So I am happy he's tasting it! This was the first hint that Strider may be ready to expand his cuisine through the wonder of flock dynamics.


The next day I made some plain oatmeal and, after it had cooled, I offered it to Sammy and Coco. Naturally, they were all over it - oatmeal is a real treat and not something they eat daily or even weekly. I knew that it would evoke a strong reaction in the two of them, and that Strider would be watching. (They all are always watching me and each other, and always learning something.)

Sure enough - Strider flew over to see what all the oatmeal fuss was about! The three of them sat on a perch, directly in front of me, as I held the bowl of oatmeal. They took turns taking bites; Strider was in the middle of the two birds (he does love to be in the center of things!). As I passed the bowl from Sammy to Coco, each time I paused briefly in front of Strider to allow him to look or taste if he chose.

And, I am thinking you may be able to predict what happened next!

After several passes he took his first taste, and thereafter he made sure to get a small bite at each chance! Equally important was the experience of the three of them sitting in close proximity, taking turns eating, having a positive experience and sharing. These are the kinds of experiences I want to foster.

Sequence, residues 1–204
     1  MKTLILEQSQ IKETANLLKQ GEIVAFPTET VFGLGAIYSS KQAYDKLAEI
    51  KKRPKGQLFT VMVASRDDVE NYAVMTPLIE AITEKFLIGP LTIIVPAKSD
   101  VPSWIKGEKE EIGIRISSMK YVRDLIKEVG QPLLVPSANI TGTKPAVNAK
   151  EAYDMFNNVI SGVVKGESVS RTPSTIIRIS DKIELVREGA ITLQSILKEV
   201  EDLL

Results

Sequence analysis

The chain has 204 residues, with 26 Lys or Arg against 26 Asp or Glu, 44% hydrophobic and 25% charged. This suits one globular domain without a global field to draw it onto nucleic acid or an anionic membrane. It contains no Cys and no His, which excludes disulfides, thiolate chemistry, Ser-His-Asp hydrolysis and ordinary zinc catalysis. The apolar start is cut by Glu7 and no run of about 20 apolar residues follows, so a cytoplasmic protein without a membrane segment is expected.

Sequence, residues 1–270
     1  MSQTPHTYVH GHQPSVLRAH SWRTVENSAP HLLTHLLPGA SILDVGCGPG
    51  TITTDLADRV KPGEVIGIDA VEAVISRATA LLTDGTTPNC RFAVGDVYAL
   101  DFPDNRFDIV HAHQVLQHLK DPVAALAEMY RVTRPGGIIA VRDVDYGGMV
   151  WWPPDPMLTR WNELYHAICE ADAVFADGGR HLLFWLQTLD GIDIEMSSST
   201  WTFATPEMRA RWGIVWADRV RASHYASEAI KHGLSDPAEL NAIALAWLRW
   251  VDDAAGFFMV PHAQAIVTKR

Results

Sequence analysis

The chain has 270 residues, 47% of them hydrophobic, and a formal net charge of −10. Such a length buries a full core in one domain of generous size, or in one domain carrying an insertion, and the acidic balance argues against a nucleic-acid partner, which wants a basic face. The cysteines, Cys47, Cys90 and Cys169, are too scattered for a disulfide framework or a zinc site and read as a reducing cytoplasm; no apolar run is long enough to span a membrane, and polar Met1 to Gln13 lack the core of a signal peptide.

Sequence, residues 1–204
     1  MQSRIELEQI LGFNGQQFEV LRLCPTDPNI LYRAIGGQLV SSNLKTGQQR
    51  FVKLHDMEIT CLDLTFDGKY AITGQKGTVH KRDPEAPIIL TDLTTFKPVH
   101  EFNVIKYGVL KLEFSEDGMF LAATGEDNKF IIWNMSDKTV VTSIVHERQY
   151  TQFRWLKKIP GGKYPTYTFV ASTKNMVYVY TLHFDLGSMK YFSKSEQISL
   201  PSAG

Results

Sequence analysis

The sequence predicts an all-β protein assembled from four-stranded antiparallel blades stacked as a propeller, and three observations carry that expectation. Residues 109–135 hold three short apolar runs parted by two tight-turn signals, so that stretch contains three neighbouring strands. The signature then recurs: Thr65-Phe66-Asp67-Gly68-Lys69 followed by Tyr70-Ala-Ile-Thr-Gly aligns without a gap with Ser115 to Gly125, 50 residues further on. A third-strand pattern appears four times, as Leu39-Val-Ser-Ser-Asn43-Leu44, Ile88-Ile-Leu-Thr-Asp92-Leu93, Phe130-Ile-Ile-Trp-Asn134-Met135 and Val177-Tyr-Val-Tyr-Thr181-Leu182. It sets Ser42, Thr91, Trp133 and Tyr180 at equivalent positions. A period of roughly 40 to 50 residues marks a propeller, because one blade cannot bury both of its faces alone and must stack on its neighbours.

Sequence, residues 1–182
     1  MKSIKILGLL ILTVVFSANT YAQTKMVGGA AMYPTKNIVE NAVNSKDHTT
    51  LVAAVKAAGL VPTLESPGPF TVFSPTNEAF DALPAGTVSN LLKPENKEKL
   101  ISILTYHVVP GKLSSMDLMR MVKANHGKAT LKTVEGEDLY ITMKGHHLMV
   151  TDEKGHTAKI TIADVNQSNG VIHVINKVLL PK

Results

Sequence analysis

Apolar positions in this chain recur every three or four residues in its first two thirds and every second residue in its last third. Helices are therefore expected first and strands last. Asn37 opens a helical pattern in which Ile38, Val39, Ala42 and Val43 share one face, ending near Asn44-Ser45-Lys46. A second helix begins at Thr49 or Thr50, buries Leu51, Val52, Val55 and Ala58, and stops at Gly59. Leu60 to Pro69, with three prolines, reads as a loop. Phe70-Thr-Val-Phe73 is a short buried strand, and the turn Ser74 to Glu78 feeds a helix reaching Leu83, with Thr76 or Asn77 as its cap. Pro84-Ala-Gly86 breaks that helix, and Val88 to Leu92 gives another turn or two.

Tuesday evening I placed a small piece of walnut on the base of the little guys fort,. Sammy immediately chowed down. Strider flew over to see what was going on. However this time, instead of simply pecking at the nutmeat, he actually ate it right along with Sammy! There we go - just what I had hoped! His palate is about to expand - a whole new world of fresh foods will be opening to Mr. Strider! Just as parrot parronts teach their chicks in the wild what to eat and how to find food, much of the same is now occurring in the fort setting.

Throughout the coming weeks I will be introducing Strider to new tastes and textures with the benefit and assistance of flock dynamics. I predict that within a month or so, and with Sammy and Coco's help, Strider will be expecting and enjoying a diet rich in variety and nutrients!

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1 comment:

wolfgirl1987 said...

Yay for trying new foods!